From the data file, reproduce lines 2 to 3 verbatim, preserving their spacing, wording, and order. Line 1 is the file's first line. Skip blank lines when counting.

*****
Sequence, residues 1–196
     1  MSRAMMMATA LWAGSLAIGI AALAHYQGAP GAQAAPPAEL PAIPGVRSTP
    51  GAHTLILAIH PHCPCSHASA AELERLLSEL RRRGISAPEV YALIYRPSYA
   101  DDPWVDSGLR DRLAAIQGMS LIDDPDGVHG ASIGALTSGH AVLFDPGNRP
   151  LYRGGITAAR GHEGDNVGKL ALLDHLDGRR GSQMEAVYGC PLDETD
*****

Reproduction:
     1  MSRAMMMATA LWAGSLAIGI AALAHYQGAP GAQAAPPAEL PAIPGVRSTP
    51  GAHTLILAIH PHCPCSHASA AELERLLSEL RRRGISAPEV YALIYRPSYA